Ancient Monuments

History on the Ground

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Settlement site north east of Wick village

A Scheduled Monument in Wick, Worcestershire

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Latitude: 52.1102 / 52°6'36"N

Longitude: -2.0483 / 2°2'54"W

OS Eastings: 396785.503886

OS Northings: 245760.471824

OS Grid: SO967457

Mapcode National: GBR 2JN.QY0

Mapcode Global: VHB0R.F7Z5

Entry Name: Settlement site NE of Wick village

Scheduled Date: 23 September 1975

Source: Historic England

Source ID: 1005317

English Heritage Legacy ID: WT 216

County: Worcestershire

Civil Parish: Wick

Built-Up Area: Wick

Traditional County: Worcestershire

Lieutenancy Area (Ceremonial County): Worcestershire

Church of England Parish: Wick

Church of England Diocese: Worcester


The monument includes a prehistoric and Roman settlement located on a gentle west facing slope overlooking the Wyre Piddle. The settlement is known from cropmarks visible on aerial photographs and survives as a double ditched rectangular enclosure, a curvilinear enclosure and linear ditches. The double ditched enclosure is subdivided by rectangular and curvilinear partitions. Linear ditches and a curvilinear enclosure are located to the south east. Romano-British artefacts have been found on this site.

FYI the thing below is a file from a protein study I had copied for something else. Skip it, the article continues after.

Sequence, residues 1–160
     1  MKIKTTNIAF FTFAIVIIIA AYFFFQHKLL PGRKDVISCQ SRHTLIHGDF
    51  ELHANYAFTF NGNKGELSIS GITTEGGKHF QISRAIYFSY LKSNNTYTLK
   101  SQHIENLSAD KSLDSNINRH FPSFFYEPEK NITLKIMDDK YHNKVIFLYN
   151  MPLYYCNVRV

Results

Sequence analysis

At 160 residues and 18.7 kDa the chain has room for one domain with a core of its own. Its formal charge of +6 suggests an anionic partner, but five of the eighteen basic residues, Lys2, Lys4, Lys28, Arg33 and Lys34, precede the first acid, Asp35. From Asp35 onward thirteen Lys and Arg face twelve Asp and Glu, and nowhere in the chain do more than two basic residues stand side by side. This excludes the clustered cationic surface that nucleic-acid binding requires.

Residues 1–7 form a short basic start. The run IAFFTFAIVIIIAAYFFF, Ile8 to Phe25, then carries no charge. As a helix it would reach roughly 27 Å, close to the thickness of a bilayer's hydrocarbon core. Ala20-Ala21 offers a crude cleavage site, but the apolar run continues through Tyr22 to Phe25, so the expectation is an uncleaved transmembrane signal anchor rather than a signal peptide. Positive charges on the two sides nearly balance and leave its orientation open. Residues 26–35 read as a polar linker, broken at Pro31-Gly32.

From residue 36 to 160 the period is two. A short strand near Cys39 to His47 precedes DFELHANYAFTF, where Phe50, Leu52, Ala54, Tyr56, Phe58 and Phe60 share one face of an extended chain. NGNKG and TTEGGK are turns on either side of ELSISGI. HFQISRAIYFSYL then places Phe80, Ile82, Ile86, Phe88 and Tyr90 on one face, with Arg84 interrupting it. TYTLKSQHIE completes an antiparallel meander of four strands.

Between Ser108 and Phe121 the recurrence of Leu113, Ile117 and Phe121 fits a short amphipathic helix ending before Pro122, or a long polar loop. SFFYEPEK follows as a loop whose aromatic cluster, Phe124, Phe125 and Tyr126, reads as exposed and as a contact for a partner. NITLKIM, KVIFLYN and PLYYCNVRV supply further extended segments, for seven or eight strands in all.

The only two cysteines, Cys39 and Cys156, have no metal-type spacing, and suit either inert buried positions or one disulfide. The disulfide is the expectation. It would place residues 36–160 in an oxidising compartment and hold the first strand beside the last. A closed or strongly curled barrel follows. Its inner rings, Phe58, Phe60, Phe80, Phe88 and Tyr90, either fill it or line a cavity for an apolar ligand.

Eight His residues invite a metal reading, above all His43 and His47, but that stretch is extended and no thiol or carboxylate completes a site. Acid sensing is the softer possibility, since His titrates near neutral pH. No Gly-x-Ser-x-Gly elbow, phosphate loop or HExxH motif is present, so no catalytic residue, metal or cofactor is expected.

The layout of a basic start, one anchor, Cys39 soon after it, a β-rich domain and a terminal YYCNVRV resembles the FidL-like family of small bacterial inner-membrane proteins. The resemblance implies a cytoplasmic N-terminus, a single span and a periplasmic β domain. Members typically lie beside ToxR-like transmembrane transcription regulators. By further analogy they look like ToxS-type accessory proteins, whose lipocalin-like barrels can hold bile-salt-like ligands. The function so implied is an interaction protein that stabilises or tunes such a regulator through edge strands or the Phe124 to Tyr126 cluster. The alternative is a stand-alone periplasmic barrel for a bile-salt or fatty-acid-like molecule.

A metalled track leading across the monument is excluded from the scheduling, but the ground beneath is included. Further archaeological remains survive within the vicinity of the monument, but these have not been formally assessed and are not included in the scheduling.
WT204 & WT207 are located in the vicinity of this monument.

NMR:- SO 94 NE 7, SO 94 NE 28 & SO 94 NE 21
Pastscape Monument Nos:- 117970, 117999 & 117992

Source: Historic England

Reasons for Scheduling

Romano-British aggregate villages are nucleated settlements formed by groups of five or more subsistence level farmsteads enclosed either individually or collectively, or with no formal boundary. Most enclosures, where they occur, are formed by curvilinear walls or banks, sometimes surrounded by ditches, and the dwellings are usually associated with pits, stock enclosures, cultivation plots and field systems, indicating a mixed farming economy. In use throughout the Roman period (c.43-450 AD), they often occupied sites of earlier agricultural settlements. In view of their rarity, all positively identified examples with surviving remains are considered to merit protection. Despite the insertion of a metalled track leading across the monument, the prehistoric and Roman remains 350m south of Glenmore Farm survives comparatively well. Although the settlement has been ploughed it survives reasonably well as buried features. The settlement is significant as part of a wider archaeological landscape of prehistoric and Roman settlements. The enclosures and ditches will have potential for retaining archaeological deposits that will contain important information relating to the use, construction and occupation of the settlement in addition to providing environmental evidence.

Source: Historic England

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